IoT Agenda

Mar 8 2019   11:38AM GMT

Will the new EU standard protect consumers from IoT products?

Thomas Ryd Profile: Thomas Ryd

Tags:
connected devices
Internet of Things
iot
IoT devices
IoT regulations
iot security
IoT standards
IoT updates
securing IoT
security regulations
security standards
software updates

The European Telecommunications Standards Institute (ETSI) recently released Technical Specification 103 645, seeking to help protect consumers from IoT devices. The specification was produced by the ETSI Technical Committee on Cybersecurity.

The ETSI has almost 900 members worldwide, including companies like ABB, Canon, Ericsson, Mitsubishi, LG Electronics, Orange, Schneider Electric, Audi, Deutsche Bahn, Lufthansa Systems, Panasonic, Bosch, Samsung Electronics, Siemens and many more world-class companies. We can expect these organizations to lead the way toward a more secure connected world.

Tightening the grip of IoT security

Everyone working in the IoT security industry knows it is like the Wild West at the moment. Without any hard regulations in place, the industry has defaulted to low security standards in the interest of perceived saved time and costs.

Like seatbelts becoming mandatory in cars and privacy protection in social media with GDPR, it is just a question of time before internet-connected devices face much stricter legal security requirements.

Several initiatives to help the industry improve the security of IoT exist, like the American IoT Cyber Security Act, the Cyber Shield Act, The Smart IoT Act, NIST’s Managing IoT Cybersecurity and Privacy Risks, the EU’s Cybersecurity Act and don’t to forget the recent SB-327 bill in which California will be forcing basic security on IoT devices starting on January 1, 2020. There are good reasons to believe these represent requirements of what is to come.

Once harder regulations hit the industry, the actuality of these will probably stem from best practices and experience gained from all the ongoing initiatives. Let’s therefore dive more into ETSI’s new standard to see what the future holds.

What lawmakers will come to expect from IoT products

The TS 103 645 comes with a set of fairly technical requirements. None of the requirements can be said to go beyond basic hygiene security, but the scope of this highlights that securing an internet-connected device is not trivial. Done properly, security must be included from the design phase and all the way until end of life for the product. Security as a patchwork will fail. The 13 requirements presented in the new standard are:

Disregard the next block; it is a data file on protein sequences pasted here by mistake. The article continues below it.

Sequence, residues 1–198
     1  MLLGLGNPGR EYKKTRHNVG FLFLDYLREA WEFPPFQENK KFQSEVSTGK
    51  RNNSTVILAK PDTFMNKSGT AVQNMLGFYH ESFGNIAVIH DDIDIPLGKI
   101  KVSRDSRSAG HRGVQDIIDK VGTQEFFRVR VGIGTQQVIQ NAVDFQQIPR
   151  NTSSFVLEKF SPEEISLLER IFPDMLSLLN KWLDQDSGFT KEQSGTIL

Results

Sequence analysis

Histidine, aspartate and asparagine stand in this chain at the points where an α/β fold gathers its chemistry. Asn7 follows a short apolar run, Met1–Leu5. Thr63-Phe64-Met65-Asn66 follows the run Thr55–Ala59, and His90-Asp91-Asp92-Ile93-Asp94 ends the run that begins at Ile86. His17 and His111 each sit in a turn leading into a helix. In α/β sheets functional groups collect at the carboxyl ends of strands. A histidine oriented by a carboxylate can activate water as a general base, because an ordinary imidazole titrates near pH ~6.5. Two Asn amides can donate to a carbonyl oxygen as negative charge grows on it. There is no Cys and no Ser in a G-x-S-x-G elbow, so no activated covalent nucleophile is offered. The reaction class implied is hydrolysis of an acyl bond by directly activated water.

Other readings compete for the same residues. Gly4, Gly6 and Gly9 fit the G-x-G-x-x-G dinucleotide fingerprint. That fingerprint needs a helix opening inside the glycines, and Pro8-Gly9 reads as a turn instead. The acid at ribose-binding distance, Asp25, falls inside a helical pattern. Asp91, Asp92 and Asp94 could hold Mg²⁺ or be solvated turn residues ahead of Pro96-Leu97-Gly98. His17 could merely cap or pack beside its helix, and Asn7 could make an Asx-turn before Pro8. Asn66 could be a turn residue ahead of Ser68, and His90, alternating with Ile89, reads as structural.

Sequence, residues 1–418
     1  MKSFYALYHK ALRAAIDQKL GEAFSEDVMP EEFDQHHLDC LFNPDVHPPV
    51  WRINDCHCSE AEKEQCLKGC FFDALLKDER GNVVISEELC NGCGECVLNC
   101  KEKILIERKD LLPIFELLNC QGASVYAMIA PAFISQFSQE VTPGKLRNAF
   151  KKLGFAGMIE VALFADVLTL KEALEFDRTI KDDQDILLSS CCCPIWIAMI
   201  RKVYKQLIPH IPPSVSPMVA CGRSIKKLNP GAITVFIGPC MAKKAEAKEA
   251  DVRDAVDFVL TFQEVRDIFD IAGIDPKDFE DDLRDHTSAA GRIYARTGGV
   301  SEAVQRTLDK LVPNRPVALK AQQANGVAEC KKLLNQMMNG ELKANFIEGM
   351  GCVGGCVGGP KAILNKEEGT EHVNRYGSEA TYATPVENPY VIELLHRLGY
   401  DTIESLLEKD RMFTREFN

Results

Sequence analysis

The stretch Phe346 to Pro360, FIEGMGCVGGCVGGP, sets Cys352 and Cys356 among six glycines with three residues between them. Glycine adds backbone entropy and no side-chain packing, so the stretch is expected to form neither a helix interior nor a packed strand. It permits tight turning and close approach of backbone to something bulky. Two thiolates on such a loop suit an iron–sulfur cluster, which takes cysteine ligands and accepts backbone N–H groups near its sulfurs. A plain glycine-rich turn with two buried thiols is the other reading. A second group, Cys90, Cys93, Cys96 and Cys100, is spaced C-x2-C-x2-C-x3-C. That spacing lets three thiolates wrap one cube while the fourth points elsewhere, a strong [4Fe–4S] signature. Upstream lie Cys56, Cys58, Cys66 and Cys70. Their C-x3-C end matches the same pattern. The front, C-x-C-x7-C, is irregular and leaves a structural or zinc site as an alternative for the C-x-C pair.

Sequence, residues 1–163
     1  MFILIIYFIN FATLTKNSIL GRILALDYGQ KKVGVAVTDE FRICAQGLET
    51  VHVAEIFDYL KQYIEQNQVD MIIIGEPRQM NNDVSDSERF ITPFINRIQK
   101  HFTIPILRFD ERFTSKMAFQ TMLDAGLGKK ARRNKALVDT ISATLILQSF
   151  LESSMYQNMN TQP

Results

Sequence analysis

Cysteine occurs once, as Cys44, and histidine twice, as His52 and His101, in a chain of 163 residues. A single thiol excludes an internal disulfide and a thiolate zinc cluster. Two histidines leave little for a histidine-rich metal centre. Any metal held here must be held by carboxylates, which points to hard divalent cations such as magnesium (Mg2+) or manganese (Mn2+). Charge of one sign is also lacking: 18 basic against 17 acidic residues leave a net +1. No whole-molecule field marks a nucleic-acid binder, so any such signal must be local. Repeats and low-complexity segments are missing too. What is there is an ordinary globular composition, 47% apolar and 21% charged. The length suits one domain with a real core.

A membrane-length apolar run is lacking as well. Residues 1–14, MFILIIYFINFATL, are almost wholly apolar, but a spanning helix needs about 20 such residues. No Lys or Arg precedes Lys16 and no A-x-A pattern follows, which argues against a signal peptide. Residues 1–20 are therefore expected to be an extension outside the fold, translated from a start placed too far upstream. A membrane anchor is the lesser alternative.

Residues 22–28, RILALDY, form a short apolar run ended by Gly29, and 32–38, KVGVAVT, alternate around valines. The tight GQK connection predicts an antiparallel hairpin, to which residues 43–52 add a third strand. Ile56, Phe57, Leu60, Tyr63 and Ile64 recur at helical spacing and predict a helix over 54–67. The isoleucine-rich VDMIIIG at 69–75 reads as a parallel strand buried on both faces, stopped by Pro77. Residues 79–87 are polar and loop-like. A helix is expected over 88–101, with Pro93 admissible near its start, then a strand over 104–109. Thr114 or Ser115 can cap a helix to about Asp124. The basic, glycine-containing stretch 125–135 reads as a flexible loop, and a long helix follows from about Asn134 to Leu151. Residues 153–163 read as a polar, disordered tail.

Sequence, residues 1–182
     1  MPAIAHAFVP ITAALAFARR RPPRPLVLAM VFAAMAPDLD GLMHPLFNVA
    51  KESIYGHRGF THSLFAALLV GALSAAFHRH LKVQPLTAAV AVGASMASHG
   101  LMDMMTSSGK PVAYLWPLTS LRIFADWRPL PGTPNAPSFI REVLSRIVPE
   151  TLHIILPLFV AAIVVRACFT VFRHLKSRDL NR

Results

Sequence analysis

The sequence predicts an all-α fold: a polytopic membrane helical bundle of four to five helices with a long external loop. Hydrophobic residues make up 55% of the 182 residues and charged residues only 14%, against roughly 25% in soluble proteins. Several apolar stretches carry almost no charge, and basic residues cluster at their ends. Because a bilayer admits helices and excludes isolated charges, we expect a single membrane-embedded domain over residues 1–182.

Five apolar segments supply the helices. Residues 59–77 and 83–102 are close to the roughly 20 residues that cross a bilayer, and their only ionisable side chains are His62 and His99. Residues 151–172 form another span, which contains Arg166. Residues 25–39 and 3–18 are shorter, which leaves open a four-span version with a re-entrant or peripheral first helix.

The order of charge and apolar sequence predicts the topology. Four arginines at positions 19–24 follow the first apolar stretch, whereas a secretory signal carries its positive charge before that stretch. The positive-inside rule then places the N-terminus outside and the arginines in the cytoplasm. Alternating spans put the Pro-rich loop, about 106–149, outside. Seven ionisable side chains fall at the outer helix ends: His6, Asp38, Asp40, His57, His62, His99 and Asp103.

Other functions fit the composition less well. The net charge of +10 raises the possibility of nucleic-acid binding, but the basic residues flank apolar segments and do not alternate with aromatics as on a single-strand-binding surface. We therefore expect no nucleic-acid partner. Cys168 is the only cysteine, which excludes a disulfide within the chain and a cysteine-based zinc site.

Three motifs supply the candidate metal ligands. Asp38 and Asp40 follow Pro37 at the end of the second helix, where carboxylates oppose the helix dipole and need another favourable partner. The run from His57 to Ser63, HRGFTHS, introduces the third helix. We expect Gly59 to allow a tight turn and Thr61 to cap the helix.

1. No universal default passwords
  2. Implement a means to manage reports of vulnerabilities
  3. Keep software updated
  4. Securely store credentials and security-sensitive data
  5. Communicate securely
  6. Minimize exposed attack surface
  7. Ensure software integrity
  8. Ensure personal data is protected
  9. Make systems resilient to outages
  10. Examine system telemetry data
  11. Make it easy for consumers to delete personal data
  12. Make installation and maintenance of devices easy
  13. Validate input data

To read more about each of these requirements, click here.

Keep software updated

The third requirement in the standard gets the most attention — by measure of number of words — and should be regarded as one of the most important security measures to get in place. Having a way to update software ensures a fallback option regardless of bugs, vulnerabilities and whether the device has been exploited or not.

The “keep software updated” requirement includes these provisions:

  • All software components in consumer IoT devices should be securely updatable
  • The consumer should be informed when an update is required
  • Updates shall be timely — which depends on the level of severity
  • All products shall have clear labelling with end-of-life date
  • The need for an update should be made clear for the consumer, and easy to do
  • Basic functionality should keep running during an update
  • Security patches must be delivered over a secure channel
  • Constrained devices should be isolable and the hardware replaceable
  • Constrained device must have a clear end-of-life label regarding hardware replacement

Several open source software updating mechanisms can be implemented to ensure many of these requirements exist. One of the most popular is Mender.io. Be cautioned about trying to develop your own homegrown updater method. For example, two of the other requirements in the new standard are communicate securely and ensure software integrity. Both are paramount to security, but quite hard to implement in practice as we have seen from our day-to-day practice at Northern.tech.

Winners are serious about security

As pointed out in “What separates leaders from laggards in the internet of things,” referring to findings from a McKinsey study of 300 businesses, winners take security into account in the design and lifecycle of their products. With regulators increasingly realizing the importance of securing the world’s connected devices, it is just a question of when every vendor must comply with basic security measures. The good news is that security actually proves to be good for business.

All IoT Agenda network contributors are responsible for the content and accuracy of their posts. Opinions are of the writers and do not necessarily convey the thoughts of IoT Agenda.

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